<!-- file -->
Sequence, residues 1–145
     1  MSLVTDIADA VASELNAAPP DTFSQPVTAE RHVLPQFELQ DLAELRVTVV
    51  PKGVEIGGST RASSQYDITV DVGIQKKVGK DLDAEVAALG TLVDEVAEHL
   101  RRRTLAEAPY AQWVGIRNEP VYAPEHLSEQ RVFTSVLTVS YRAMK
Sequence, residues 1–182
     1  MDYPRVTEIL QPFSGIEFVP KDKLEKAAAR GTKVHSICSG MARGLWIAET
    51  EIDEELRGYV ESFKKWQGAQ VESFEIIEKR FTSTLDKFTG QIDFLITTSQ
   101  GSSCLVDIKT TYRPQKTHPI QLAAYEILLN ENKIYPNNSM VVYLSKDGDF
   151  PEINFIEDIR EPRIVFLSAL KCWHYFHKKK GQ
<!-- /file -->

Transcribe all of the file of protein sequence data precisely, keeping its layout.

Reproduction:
Sequence, residues 1–145
     1  MSLVTDIADA VASELNAAPP DTFSQPVTAE RHVLPQFELQ DLAELRVTVV
    51  PKGVEIGGST RASSQYDITV DVGIQKKVGK DLDAEVAALG TLVDEVAEHL
   101  RRRTLAEAPY AQWVGIRNEP VYAPEHLSEQ RVFTSVLTVS YRAMK
Sequence, residues 1–182
     1  MDYPRVTEIL QPFSGIEFVP KDKLEKAAAR GTKVHSICSG MARGLWIAET
    51  EIDEELRGYV ESFKKWQGAQ VESFEIIEKR FTSTLDKFTG QIDFLITTSQ
   101  GSSCLVDIKT TYRPQKTHPI QLAAYEILLN ENKIYPNNSM VVYLSKDGDF
   151  PEINFIEDIR EPRIVFLSAL KCWHYFHKKK GQ